"Instagram is filled with people posting their highlight reel and constantly smiling and never admitting to their faults," the rising country singer-songwriter says. "I'm not perfect by any stretch of the imagination, but I really attempt to be authentic"

By Tricia Despres
June 03, 2021 02:40 PM

Spencer Crandall knew that he shouldn't be on that football field. After two shoulder surgeries to address a slew of injuries that the Colorado native had suffered throughout the years, Crandall knew that one more big hit could mean the end of his football career.

Or, perhaps the end of so much more.

"The doctors would say, 'Yeah, that's fine, you can keep playing, but eventually you won't be able to do a pushup or throw the ball to your kids one day, so please stop," remembers the former football standout in a recent interview with PEOPLE.  "It was heartbreaking, and it was a loss of identity. There was definitely a period of time where I had to really figure out who I was."

Spencer Crandall
Spencer Crandall
| Credit: Nina Long

But in a way, this dire diagnosis paired with the mental pain of losing the career he once envisioned turned into a new, somewhat beautiful beginning for Crandall.

"I don't know if things are meant to be or whatever, but it's almost crazy how there was this guitar sitting in my dorm room that I had stared at for a whole year," remembers Crandall, who ended up never suiting up as a football player during his time at Colorado Mesa University. "At the moment, I was bored and didn't know what to do with my life. I picked it up."

And everything changed.

Soon, Crandall found himself re-learning the chords he toyed around with back in high school and started booking shows at various Colorado dive bars that would ultimately showcase his unique brand of music. After moving to Nashville in 2016, things really opened up for the independent artist as he found a fanbase over his various social media channels.

Spencer Crandall
Spencer Crandall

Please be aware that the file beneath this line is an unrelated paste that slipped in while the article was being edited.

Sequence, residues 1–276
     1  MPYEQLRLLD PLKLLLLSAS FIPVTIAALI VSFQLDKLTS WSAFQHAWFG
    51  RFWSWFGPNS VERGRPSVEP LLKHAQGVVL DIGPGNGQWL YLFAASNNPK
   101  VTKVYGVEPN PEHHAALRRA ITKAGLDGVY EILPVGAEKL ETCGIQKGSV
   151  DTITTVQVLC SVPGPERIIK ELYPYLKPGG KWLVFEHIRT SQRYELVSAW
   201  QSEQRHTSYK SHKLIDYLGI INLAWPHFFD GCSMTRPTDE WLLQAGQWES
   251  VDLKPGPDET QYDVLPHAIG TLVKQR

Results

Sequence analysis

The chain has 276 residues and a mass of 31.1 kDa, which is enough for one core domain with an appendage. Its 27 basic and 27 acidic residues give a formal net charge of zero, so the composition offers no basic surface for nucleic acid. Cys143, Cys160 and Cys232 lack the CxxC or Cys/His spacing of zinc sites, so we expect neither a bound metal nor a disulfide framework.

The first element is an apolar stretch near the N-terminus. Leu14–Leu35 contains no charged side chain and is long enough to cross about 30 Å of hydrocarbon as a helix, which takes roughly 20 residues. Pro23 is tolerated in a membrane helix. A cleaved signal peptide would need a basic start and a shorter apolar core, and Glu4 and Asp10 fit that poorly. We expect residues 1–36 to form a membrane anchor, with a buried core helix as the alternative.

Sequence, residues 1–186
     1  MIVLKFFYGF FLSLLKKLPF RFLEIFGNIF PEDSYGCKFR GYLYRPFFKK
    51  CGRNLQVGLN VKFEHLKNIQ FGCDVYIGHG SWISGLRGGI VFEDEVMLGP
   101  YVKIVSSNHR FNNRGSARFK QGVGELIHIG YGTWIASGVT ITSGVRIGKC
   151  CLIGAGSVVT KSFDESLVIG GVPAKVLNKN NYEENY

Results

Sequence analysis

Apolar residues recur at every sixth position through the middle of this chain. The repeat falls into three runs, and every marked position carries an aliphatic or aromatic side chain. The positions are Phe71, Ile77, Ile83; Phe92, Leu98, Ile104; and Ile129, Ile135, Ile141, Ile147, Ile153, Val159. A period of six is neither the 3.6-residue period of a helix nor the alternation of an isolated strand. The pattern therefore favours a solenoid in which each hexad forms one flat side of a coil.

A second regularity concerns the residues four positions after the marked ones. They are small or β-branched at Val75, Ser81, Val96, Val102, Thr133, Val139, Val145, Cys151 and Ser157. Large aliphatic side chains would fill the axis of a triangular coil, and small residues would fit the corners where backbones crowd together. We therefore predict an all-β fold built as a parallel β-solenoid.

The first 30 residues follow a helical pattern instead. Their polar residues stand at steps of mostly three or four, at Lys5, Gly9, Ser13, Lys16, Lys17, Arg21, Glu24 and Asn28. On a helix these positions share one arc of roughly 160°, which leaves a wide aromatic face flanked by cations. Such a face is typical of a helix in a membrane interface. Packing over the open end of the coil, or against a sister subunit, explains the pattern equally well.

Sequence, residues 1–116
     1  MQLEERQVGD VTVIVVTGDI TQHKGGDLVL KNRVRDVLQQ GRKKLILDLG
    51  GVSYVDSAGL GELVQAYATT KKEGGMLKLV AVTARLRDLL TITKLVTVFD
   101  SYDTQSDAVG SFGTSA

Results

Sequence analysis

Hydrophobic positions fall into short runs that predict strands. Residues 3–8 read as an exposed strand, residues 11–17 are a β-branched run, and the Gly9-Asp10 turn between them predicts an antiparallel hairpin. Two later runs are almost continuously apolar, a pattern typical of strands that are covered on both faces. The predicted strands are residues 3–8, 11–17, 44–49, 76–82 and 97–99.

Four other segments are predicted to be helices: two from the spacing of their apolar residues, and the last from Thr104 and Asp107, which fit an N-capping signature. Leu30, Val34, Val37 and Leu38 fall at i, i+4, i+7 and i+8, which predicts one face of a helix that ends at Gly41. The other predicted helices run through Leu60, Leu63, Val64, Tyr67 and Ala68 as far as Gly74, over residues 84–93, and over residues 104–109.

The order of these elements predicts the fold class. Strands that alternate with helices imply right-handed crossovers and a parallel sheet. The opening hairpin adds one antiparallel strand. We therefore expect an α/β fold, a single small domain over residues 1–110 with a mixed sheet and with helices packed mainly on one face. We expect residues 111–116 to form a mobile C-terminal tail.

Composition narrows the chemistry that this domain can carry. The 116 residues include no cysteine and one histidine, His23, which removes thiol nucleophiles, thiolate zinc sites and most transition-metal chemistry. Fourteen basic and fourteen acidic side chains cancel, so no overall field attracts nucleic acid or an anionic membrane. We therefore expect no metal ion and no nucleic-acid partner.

| Credit: Nina Long

"People, especially today, are starving for authenticity," explains the accomplished singer/songwriter, who has already built an audience of over 1.6M followers on TikTok. "Instagram is filled with people posting their highlight reel and constantly smiling and never admitting to their faults, and if you ask me, I can't relate to that stuff. I'm not perfect by any stretch of the imagination, but I really attempt to be authentic and be quirky and say weird things and try to just show people who I am, because I think it's so much more relatable."

And from the sounds of it, this authenticity paired with his unique brand of music just might have him on the cusp of country music stardom. His new five-song EP Lost in the Wild includes re-imagined versions of a few fan-favorites from his album Wilderness, including a somewhat organic version "Things I Can't Say" (feat. Julia Cole), a stripped wedding version of fan-favorite "My Person" and an absolutely addictive EDM remix of the fresh-sounding "Delete All." 

"I think it's almost exhausting trying to mirror or copycat what others are doing," says Crandall, who has already notched two No. 1 album debuts on the iTunes Country Chart during his still-young career. "It gets sniffed out pretty quickly."

So, he remains true to his authentic self — and so far, Nashville and everyone else is loving it.

"Nashville is a place where people intentionally lift each other up because they want to see each other win for no other reason than to just watch somebody win," concludes Crandall, who has already shared the stage with everyone from Chris Lane and Dustin Lynch to Josh Turner. "Creatively, you can write as many songs as you want in your dorm room, but there's another level of creativity that's happening in Nashville. And I'm so glad that they embraced me and welcomed me with open arms."